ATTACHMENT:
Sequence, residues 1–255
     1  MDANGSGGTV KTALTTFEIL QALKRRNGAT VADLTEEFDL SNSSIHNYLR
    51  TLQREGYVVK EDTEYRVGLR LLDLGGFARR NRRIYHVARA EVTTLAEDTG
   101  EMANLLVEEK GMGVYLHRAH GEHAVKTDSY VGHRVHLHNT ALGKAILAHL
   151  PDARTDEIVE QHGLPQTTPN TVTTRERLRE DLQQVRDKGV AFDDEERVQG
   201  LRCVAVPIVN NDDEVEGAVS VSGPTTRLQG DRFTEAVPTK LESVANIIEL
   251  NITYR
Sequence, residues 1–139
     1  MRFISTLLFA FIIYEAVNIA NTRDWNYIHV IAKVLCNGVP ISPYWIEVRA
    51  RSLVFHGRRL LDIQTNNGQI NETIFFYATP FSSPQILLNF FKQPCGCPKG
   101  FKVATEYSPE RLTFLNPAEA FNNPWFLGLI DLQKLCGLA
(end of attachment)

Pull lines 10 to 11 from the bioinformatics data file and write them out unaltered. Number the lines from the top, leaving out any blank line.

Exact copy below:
    51  RSLVFHGRRL LDIQTNNGQI NETIFFYATP FSSPQILLNF FKQPCGCPKG
   101  FKVATEYSPE RLTFLNPAEA FNNPWFLGLI DLQKLCGLA